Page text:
## How do I read this descendants tree?

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I have, using Ancestry.co.uk found a link in my distant heritage to the Prettyjohn (variations: Prettejohn, Petitjohn) family originally located in Devon.

One great source of information on this family, leading all the way back to the 16th Century, is this website:

My only problem is I can't understand the way that the tree is formatted at all.

Is this a fairly standard form of documentation?

I have tried to contact the website owner via the email link on the page, but have heard nothing back in over a month. Can anyone decipher it and explain it to me (bearing in mind I am still fairly new to family history)?

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Below is a snippet from the site/page referenced in the question. The report is often called an outline descendant report. Each descending generation is indented and numbered, giving it the general character of an outline.

Others have provided good overviews of the information the report provides, some explanations have been included in the graphic above.

Because they often contain almost too many names to count, lengthy reports, such as the example, were popular "cousin bait" in the late 1990s; they may still be popular in some circles.

I once bought a book of supposed early Pennsylvania Miller genealogies. I had hoped to really learn something. When the package arrived, it was little more than hundreds and hundreds of pages of these outline descendant reports. A lot of the entries were just names and generation numbers. From the lot, I mostly learned that Miller families seemed to favor the names John and William. :-)

Below is an example of a similar report generated by FamilyTreeMaker 2010 for Mac. You'll note a different approach to the style.

RootsWeb's WorldConnect generates an outline descendant report from its files on command (to a maximum of 10 generations). They call it a "Descendancy report." See, "Ancestor and Descendant Reports."

Good work illustrating this. What tool did you use? – Sam – 2012-12-20T04:24:03.953

@Sam888 Thank you; I used Adobe Photoshop. – GeneJ – 2012-12-20T11:44:03.513

1Funny you should mention Miller fascination with the names John and William, My great grandfather and his son were both 'William John Miller'! Great explanation, thanks for the graphic it really helps me understand! – AvieRose – 2012-12-20T19:10:34.243

changed this to the 'answer'. Not to take away from all the other great answers, but feel that this is over and above the call of duty! – AvieRose – 2012-12-20T19:21:07.223

@AlvieRose Thank you for sharing the story of the two "John William Miller" men in your tree. Double trouble. Makes me appreciate my just Johns, Williams and Josephs. :-) – GeneJ – 2012-12-20T19:26:43.143

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The numbers close to the beginning of each line are generations counting down from John Prettejohn at the top. So, John Prettjohn has a wife (shown by +) whose name is unknown and 2 sons William b 1557 and John (follow the outermost vertical line down to find him).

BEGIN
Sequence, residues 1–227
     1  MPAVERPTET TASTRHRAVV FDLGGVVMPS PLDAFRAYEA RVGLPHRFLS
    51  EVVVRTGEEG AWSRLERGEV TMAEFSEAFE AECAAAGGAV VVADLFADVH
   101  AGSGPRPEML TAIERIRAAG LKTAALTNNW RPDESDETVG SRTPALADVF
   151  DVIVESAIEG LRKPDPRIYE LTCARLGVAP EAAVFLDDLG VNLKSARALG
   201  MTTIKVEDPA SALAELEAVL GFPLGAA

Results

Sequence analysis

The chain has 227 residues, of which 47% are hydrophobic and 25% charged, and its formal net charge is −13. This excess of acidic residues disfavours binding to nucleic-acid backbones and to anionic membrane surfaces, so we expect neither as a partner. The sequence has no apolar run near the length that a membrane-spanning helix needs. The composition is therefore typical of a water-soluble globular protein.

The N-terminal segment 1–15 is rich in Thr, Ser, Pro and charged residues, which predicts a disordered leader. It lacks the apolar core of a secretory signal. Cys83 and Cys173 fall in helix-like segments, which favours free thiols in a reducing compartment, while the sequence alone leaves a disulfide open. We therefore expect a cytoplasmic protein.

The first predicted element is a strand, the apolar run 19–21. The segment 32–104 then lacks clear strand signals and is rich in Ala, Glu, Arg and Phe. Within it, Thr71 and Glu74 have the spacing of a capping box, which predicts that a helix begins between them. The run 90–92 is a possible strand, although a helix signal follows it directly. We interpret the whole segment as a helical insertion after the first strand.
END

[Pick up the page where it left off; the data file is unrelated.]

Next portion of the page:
Under William is his wife +Elizabeth and their descendants, and so on.

The format is quite often used to represent an individual's descendants in text form, but I'm blanking on what it is called --descendants report, maybe.

2Using indenting instead of pipe and indent: "Outline descendant report" in Family Tree Maker, "Descendancy" at WorldConnect – bgwiehle – 2012-12-19T18:54:32.933

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I have taken the sources and tried to clean it up a little, removed the HTML formatting, and am presenting it in a fixed-width font to make it easier to read. I have also begun editing the wrapping so each line is one and only one person's information. As others have already stated, in general the + sign indicates a spouse, the --X- marker denotes "X generations away from John Prettejohn", and the | can be used to trace descendants from one generation to the next.

As Gene mentioned, accuracy of this information should be corroborated heavily.

Wow, that really does make a difference! I had never come across this style of tree before. – AvieRose – 2012-12-19T20:10:04.563

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It looks like this family tree uses a combination of indentation and generation numbering to describe the relationships. Each number preceding a person refers to the generation relative to the starting person. Thus children of John Prettejohn (generation 1) are William (from whom most of the tree is descended) and John. John is way at the bottom of the page. Spouses are not numbered. Dates of birth, death, and marriage are listed with each person, presuambly when they are known.

One thing to be careful about with trees like this is accuracy. Since no source information is given for any of the stated facts, you cannot be sure that they are historically accurate. Also, it is possible that there are obvious errors such as children being too old or too young for their parents, info being repeated, etc. I am not saying any of this is necessarily the case; it's just something to look out for.

Thanks for editing it, @fbrereto. Typing on the iPad isn't my forte! – Gene Golovchinsky – 2012-12-19T20:15:24.367

I have made more than my share spelling mistakes and autocorrect gaffes on my iDevices; I completely understand. – fbrereto – 2012-12-19T20:19:45.083